POST-WAR reconstruction in Iraq has been riddled with corruption while regions stricken by the Asian tsunami disaster are also highly vulnerable to the fraud that plagues large-scale building projects around the world, a global watchdog reported today.
Launching its 2005 corruption report, Transparency International said many major building projects would never have passed the planning stage without bribes changing hands.
Peter Eigen, the chairman of Transparency International, said corruption in construction projects "plagues both developed and developing countries".
"Funds being poured into rebuilding countries such as Iraq must be safeguarded against corruption," he said in a statement ahead of the official launch in London.
"Transparency must also be the watchword as donors pledge massive sums for reconstruction in the countries affected by the Asian tsunami last December.
"When the size of a bribe takes precedence over value for money, the results are shoddy construction and poor infrastructure management.
"Corruption wastes money, bankrupts countries and costs lives," Mr Eigen said.
The study said that if urgent measures were not taken, Iraq was in danger of becoming "the biggest corruption scandal in history".
The Iraqi government, coalition forces and foreign donors must take "a much more aggressive approach" towards corruption, it said.
Foreign governments should apply strict anti-corruption guidelines to companies operating in Iraq, and in the push towards privatisation it should be remembered that "markets need strong institutions to avoid giving way to a form of capitalism dependent on personal connections".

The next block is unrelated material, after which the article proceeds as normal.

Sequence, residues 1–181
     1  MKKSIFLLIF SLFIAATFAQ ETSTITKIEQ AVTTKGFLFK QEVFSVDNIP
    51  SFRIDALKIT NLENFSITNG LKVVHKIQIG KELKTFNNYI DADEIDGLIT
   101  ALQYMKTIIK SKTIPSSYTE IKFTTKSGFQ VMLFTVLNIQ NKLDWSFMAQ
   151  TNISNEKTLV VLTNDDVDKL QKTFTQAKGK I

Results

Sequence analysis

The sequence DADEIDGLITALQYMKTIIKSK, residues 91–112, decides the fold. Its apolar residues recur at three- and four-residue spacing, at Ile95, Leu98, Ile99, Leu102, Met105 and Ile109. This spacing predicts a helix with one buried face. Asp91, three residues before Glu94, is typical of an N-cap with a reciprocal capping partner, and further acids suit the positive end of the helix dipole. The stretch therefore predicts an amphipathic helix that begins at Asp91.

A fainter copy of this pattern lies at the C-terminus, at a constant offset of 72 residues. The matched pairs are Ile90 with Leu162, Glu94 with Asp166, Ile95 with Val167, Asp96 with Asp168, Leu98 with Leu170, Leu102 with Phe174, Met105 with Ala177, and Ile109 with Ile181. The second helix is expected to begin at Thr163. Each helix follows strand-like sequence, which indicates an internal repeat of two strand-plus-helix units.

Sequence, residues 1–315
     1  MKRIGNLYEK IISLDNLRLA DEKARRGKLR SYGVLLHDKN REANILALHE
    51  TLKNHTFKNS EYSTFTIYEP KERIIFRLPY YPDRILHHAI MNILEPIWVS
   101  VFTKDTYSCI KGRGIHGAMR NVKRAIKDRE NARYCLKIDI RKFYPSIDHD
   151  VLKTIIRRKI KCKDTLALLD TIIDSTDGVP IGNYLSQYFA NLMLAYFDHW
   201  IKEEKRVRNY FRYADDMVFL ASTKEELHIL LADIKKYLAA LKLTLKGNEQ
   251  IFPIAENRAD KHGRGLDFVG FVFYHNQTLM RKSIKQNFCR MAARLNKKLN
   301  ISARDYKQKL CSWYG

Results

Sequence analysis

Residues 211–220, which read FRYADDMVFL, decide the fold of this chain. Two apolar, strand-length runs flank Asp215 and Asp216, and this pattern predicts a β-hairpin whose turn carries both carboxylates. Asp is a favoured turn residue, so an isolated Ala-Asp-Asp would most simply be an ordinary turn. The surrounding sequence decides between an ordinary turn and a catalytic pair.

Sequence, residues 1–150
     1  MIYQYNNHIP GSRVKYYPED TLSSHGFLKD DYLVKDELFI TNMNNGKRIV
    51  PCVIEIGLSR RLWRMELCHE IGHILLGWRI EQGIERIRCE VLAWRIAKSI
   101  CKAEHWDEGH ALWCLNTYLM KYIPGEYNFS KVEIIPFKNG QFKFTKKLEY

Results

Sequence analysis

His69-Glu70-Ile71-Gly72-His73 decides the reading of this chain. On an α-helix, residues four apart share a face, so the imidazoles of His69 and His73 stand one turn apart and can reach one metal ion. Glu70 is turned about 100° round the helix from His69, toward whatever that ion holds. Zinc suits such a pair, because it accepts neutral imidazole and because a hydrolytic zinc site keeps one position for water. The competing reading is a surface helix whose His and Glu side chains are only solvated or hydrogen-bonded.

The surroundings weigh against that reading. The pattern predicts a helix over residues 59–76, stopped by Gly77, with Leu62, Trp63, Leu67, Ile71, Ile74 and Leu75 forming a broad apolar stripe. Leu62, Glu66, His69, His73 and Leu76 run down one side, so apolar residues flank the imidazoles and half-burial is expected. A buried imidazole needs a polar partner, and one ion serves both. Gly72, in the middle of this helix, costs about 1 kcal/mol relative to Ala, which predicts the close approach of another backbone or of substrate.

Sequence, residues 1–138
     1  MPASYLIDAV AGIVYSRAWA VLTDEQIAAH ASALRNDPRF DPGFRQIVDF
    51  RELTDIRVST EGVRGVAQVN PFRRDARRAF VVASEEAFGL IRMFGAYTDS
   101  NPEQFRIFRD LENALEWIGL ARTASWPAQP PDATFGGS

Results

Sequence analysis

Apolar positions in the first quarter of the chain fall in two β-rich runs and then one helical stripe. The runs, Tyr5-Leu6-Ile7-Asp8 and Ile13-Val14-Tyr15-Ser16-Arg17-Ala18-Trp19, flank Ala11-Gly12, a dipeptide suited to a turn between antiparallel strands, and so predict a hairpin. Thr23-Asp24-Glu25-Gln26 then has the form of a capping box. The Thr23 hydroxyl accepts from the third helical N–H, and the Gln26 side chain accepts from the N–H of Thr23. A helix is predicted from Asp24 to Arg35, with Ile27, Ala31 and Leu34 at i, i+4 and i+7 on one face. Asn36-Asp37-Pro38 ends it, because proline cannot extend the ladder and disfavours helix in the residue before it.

At the press conference to launch the report, Mr Eigen said the rebuilding in the areas affected by December's tsunami provided "a climate that is irresistible for corruption".
He noted however that Transparency was pleased to see that the United Nations was trying to ensure transparency in the distribution of the hundreds of millions of dollars pledged for the crisis-hit area.
Transparency said that while some projects get off the drawing board only as a result of corruption, sleaze also tainted the awarding of construction contracts and the operation and maintenance of projects.
Among six "monuments of corruption", it cited the Bataan nuclear power plant in the Philippines, built at a cost of more than $US2 billion (1.49 billion euros) on an active fault line.
Transparency said the contractor had admitted paying $US17 million in "commissions" to a friend of former president Ferdinand Marcos. The reactor is yet to go into operation.
Another example is the reservoir of the Bakun dam in Sarawak, Malaysia, which will flood hundreds of square kilometres of tropical rain forest. Transparency said the mandate to develop the project was awarded to a timber contractor and friend of Sarawak's governor.
Transparency also picked out an incinerator project in Cologne, Gemany, a water project in Lesotho, the Bujagali dam in Uganda and the Yacyreta hydropower project on the border of Argentina and Paraguay.
The body said the construction sector was especially prone to corruption for a number of reasons, including the fierce competition for "make or break" contracts and the many levels of official approval and permits that leave the process open to abuse at a number of stages.
There is also the unique nature of many projects, making it hard to compare pricing, the opportunites for the projects to overrun budgets and deadlines, and the fact that sub-standard work can be covered with concrete before it is spotted.
To coincide with the report, Transparency also set out its Minimum Standards for Public Contracting, which call on public contracting authorities to ensure that contracts are awarded only after an open and competitive bidding process.
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